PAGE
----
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In spite of John Metcalfe’s attempts to check facts prior to publishing “The Hunger Artists” (9/17), it nevertheless contained factual errors. For starters, Metcalfe got our ages mixed up. Keren Coxe is 65 and I am 60. The remark about the mattress in our attic was made by Keren’s daughter, not Keren. He failed to mention that while “pacing around the room” at the Korean Cultural Service, we were admiring the art.

B. Stanley of the District of Columbia Arts Center has selective memory. That place has only once served any food worth mentioning in the few times that we have been there. (We rarely go there, because it is hard to park in Adams Morgan.) That was the occasion in 1995 he mentioned, where the food, contrary to his characterization of it, was very good, donated by a restaurant. Anyone who sees my pockets knows there is no room for food in there, and Keren usually doesn’t have any pockets. The person who used to stuff his pockets with food at openings was a now-deceased lawyer friend of ours. Keren’s daughter rarely goes to art openings.

Clark of D.C.’s Museum of Contemporary Art doesn’t need to use “reverse psychology” to keep us from eating much. The only times his place serves decent food is when it is provided by someone else. He knows that we will buy art if it is to our liking and reasonably priced, regardless of the cuisine. Gallery owners who are more concerned about how much we eat than about selling their art have their priorities mixed up. If they can’t afford to provide food, they shouldn’t do so. (Most galleries just provide drinks and maybe a little junk food.) We have often seen gallery owners’ attitudes toward us change 180 degrees when we buy art from them.

My taste in art is not the result of a “medical condition.” My difficulty in distinguishing reddish brown from greenish brown may explain my distaste for brownish art, but it has little to do with my taste in art otherwise. Metcalfe’s uninformed snide remarks about our art collection show that he has little appreciation for colorful abstract art. This is exemplified by his characterization of paperweights as “glass blobs” and our house as a “monster.” Maybe he should have paid more attention to the retired Georgetown professor at the Korean Cultural Service than he did watching us.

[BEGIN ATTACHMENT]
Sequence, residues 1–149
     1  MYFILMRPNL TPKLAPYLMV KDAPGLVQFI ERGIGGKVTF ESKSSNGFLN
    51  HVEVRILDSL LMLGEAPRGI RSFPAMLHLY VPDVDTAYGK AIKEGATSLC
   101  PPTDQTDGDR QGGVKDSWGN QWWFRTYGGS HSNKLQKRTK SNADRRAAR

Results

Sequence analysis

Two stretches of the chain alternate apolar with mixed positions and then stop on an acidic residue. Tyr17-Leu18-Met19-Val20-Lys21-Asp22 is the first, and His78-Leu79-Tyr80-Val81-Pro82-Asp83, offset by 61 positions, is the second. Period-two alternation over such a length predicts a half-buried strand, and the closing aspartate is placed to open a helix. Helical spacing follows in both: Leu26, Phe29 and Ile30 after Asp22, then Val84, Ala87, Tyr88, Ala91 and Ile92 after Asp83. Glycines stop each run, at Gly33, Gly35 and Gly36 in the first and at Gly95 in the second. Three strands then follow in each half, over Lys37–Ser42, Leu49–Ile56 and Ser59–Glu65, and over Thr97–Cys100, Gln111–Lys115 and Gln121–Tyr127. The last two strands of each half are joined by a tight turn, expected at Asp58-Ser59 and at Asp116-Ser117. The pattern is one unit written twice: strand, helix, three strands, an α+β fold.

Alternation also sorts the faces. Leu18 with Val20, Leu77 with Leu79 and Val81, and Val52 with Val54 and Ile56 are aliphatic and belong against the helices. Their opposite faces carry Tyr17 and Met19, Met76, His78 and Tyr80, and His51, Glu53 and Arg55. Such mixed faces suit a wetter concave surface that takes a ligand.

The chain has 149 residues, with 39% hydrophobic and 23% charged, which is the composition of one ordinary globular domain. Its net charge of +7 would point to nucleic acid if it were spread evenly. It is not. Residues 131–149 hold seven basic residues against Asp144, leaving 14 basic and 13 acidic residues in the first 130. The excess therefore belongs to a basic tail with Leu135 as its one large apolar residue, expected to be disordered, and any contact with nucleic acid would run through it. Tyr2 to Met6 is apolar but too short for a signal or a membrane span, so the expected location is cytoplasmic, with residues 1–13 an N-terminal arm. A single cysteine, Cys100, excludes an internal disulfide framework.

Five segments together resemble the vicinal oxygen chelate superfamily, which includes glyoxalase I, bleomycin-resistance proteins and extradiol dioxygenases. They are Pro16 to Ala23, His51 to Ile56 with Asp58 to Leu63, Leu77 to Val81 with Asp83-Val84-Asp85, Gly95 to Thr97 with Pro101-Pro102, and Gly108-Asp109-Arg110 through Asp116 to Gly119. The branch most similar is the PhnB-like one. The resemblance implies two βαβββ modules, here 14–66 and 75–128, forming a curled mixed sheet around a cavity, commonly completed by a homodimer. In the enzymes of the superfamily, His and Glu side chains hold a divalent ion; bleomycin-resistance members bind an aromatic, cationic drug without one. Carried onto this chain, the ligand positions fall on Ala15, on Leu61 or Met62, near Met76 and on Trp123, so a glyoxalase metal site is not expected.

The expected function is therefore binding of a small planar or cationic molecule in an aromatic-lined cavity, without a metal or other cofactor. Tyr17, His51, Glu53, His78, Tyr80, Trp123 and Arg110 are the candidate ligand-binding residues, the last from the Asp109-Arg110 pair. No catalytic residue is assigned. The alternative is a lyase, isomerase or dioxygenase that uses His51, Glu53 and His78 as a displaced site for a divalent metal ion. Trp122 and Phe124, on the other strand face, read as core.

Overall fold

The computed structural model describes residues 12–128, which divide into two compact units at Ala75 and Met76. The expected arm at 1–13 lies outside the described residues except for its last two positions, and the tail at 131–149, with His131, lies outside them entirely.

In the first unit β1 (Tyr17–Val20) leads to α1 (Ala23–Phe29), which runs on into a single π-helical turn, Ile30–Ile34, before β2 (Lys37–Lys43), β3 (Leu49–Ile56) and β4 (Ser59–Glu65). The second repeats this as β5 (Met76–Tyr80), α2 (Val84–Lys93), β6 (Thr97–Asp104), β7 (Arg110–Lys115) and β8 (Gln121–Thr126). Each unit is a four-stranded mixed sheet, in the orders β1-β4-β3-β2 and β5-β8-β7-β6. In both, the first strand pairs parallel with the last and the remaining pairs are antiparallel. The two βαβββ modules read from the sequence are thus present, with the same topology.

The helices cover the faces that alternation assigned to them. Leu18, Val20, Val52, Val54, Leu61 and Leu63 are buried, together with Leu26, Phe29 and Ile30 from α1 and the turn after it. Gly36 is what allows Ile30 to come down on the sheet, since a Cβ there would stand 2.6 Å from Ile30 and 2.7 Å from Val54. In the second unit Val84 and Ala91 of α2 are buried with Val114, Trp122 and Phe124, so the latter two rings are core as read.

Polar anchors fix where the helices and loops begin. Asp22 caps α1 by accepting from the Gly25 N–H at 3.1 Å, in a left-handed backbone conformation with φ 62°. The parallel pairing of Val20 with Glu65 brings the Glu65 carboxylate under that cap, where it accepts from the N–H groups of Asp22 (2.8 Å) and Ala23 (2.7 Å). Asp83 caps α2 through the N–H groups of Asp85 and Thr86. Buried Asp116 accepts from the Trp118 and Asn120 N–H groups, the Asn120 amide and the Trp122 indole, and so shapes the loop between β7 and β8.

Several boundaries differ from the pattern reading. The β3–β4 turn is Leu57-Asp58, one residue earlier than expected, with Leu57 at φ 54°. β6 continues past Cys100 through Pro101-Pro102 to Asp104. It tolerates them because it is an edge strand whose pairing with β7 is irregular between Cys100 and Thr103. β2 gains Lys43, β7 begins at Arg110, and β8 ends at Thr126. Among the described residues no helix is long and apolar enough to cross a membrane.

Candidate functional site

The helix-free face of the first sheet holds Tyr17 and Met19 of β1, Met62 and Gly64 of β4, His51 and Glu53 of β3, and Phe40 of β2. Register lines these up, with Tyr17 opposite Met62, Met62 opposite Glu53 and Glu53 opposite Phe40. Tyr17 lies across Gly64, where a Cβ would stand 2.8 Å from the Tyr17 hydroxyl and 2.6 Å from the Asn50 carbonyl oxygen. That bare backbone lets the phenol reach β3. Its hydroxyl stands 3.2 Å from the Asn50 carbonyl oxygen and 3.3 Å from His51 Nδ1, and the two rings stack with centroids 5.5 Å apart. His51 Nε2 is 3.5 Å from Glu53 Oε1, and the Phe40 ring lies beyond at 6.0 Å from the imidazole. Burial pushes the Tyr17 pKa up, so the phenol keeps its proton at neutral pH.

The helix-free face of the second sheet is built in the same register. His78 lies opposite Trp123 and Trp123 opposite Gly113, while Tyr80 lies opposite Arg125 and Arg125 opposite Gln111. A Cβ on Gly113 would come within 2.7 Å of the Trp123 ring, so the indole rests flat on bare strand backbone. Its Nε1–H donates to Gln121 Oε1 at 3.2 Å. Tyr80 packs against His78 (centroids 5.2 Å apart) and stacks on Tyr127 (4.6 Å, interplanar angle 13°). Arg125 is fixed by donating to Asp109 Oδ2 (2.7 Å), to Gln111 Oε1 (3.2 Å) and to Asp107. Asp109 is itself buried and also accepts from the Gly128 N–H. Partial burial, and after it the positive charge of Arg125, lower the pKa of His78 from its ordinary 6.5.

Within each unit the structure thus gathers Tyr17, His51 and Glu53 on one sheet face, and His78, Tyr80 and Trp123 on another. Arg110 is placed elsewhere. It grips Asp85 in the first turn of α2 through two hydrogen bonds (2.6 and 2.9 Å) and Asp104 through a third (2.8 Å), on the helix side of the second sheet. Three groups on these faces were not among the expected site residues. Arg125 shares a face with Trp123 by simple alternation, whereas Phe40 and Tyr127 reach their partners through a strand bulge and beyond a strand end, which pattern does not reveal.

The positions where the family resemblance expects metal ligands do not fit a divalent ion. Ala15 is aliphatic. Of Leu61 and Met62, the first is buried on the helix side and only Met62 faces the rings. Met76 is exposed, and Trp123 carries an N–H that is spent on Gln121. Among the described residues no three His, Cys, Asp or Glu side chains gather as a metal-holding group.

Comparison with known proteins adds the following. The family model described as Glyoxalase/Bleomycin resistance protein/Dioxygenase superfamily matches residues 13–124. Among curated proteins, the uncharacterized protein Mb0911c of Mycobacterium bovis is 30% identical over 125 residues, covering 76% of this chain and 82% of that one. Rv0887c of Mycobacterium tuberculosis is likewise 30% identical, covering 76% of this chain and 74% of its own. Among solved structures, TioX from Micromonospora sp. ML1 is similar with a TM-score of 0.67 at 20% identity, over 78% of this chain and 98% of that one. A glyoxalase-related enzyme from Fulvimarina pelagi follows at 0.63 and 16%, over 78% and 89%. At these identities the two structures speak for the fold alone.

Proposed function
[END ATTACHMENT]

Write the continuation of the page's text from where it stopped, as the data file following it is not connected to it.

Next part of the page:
In his letter (The Mail, 9/24) F. Lennox Campello of Fraser Gallery is wrong about our never feigning interest in the artwork at his galleries. While most of his shows are not to our taste, we particularly enjoyed the Dali-inspired show a while back at his Georgetown gallery. Most of the time when we do go there, it is simply because it is part of the art walks in Canal Square and Bethesda, and we don’t stay very long. The gallery he mentioned in Leesburg has not gone out business; it has simply changed its name and later moved. The birthday party he referred to was for Keren’s son (not daughter), who lives in Leesburg, who does not normally attend art openings. The only thing in the backroom refrigerator was beer (not food), which he helped himself to after he observed other people (not associated with us) drinking it.

Chevy Chase